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Are neighbour’s parking demands a bit CF?

(38 Posts)
BadAlice Thu 25-Jun-20 13:12:15

Live on a small terrace of old farmhand cottages in a village/hamlet of about 20 houses. Narrow, winding lane. Outside the cottages there is enough space to park cars and still have a vehicle get past but much of the road is single lane (no other roads nearby) so it does limit the parking a lot. We all get by by being considerate. On our little terrace there is enough space for everyone to park one car outside of their house pretty much, but someone has to park outside of the corner cottage which has a garage so doesn’t need a parking space. None of the parking is reserved.

The lady who owns the corner cottage is a retiree who has a group of friends over (they do art together or something) once per week. This had stopped due to lockdown but have recently resumed in her garden. This means an extra four or five cars to park. Usually not a problem as lots of people are out during the day. No one on our row is currently back at work properly (working from home or on furlough still).

This morning I noticed corner cottage lady asking our neighbour to move his car from outside her house so her friends could park there today.

Now this is where I think SIBU. Her friends park outside my house if I pop out when they are due. I was clearly just popping to the shop with toddler DS and we had a chat about it as we were leaving this morning. I’m pregnant, waddling, and have a not yet two year old and bags of shopping to manage. If she can ask people to move their cars for her friends, couldn’t she also consider that I might need to park nearer? There is parking about 100m away and I do feel like tht’s a much more reasonable walk for seemingly well, recently retired women (not elderly and infirm) than a harassed mum tbh. It wouldn’t even occur to me to ask them not to park outside our house if it wasn’t for the fact that she asks people to move from outside hers though!

OP’s posts: |
imsooverthisdrama Thu 25-Jun-20 13:19:05

Yes it's completely cf and i see what you mean.
I've had similar with my NDN over the years as me & dh are the same quite happy to park wherever , we have a drive but only for 1 car. NDN complains if car is too near even though it's outside my house . If she has relatives or friends round she wants to use the space outside our house but will complain if we park there to say it's too near their drive . My dh is too accommodating where's I'm like you op if I have shopping or dc in car I want to park near my house if space . If someone is parked there i wouldn't dream of asking to move and vice versa .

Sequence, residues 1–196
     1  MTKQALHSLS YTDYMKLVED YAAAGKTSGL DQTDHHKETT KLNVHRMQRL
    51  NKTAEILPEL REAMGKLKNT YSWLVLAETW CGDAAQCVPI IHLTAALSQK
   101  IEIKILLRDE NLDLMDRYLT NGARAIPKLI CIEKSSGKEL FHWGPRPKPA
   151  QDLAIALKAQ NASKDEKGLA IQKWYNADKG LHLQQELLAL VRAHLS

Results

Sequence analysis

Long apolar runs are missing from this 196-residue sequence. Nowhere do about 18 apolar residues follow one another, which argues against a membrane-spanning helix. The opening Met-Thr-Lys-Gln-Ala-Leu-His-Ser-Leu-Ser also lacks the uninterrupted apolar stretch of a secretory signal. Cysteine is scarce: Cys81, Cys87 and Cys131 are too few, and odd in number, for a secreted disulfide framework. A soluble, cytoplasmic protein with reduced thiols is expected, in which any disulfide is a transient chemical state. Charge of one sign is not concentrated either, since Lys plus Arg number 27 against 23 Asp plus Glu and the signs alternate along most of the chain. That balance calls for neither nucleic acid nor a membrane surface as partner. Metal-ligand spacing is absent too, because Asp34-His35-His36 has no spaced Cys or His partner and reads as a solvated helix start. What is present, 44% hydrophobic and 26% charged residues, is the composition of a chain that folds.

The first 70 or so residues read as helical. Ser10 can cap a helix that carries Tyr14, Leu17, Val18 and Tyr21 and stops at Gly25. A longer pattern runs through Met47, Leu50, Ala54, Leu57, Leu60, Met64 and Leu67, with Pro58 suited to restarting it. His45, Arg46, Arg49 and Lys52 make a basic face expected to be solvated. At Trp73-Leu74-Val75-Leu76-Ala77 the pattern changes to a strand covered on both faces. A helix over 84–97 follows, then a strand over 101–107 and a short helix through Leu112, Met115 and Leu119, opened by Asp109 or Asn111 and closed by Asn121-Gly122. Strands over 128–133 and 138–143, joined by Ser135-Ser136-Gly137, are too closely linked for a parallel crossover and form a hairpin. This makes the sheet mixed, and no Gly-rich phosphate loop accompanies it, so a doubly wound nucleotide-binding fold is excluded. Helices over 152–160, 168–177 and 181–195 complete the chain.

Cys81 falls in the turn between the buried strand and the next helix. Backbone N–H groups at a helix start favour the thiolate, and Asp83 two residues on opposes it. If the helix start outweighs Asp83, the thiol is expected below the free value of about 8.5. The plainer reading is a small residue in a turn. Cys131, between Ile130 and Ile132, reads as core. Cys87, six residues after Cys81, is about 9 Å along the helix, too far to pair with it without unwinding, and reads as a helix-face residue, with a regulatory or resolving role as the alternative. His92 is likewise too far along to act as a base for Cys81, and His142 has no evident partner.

RedCatBlueCat Thu 25-Jun-20 13:20:11

SWBU asking people to move from parking on a public road. Nice as it is to be able to park outside your front door, unless you have a drive it isnt a right.

peachesandclean Thu 25-Jun-20 13:22:50

Message deleted by MNHQ. Here's a link to our Talk Guidelines.

LudaMusser Thu 25-Jun-20 13:29:44

She should have been told No firmly

I used to live minutes from a town centre and although I had a permit to park on five streets sometimes I couldn't. I maybe parked outside my apartment once or twice in eighteen months

I'll never understand why people think they have the right to park outside their house. On my street people will do if possible but nobody asks people to move or starts crying or shouting. There's much bigger issues in the world than parking a few houses down

BadAlice Thu 25-Jun-20 13:34:00

@peachesandclean It was only once I was loading DS into the car that I realised the day otherwise we definitely would have made alternative plans!

We used to have a toddler group on a Thursday and ended up doing the 40 minute walk across fields most weeks as it was easier if DS fell asleep in the pushchair on the way home than having to stay in the car because couln’t park near enough to transfer him in to the house 😂

OP’s posts: |
TerribleCustomerCervix Thu 25-Jun-20 13:38:46

Yeah, she’s being a knob.

She needs to be told that being neighbourly is something that works both ways, not just in her interests.

Everanewbie Thu 25-Jun-20 13:42:49

Urgh this is all down to how she approaches things. As a MN favourite, you have no more right than anyone else to park outside of your home, private roads and reserved spaces aside. So first come first served is the 'official ' answer. However in a small village where everyone knows each other, I don't see a problem with her asking nicely for a visitor to have a space, so long as the person being asked to move their car to accomodate them can park elesewhere and crucially, doesn't mind. In my view, the neighbour can always say no, and the lady in question must accept this graciously.

However, if the person in question is asking for other people to be courtious to her, and her guests, she should also understand that you may rely on your unofficial parking space and ask her guests to respect your needs.

However, if she wants to be a cock about it, all bets are off, screw her and her mates, and tell her that they'll have to park legally where they can find space.

In conclusion OP, flexibility works both ways; if se wants flexibility from the neighbours to accomodate her guests, her guests need to also respect you and your needs.

PlanDeRaccordement Thu 25-Jun-20 13:54:42

Unless one of her friends has an invisible disability and can’t walk the 100m, then YANBU to refuse to let them use the space in front of your home. (Eg hyper mobility, fibromyalgia, etc)
I’d just have a conversation with her and come to some agreement like Everanewbie has described.

Devlesko Thu 25-Jun-20 14:12:59

That's the problem with these old cottages they weren't meant for cars, I bet it looks really ugly.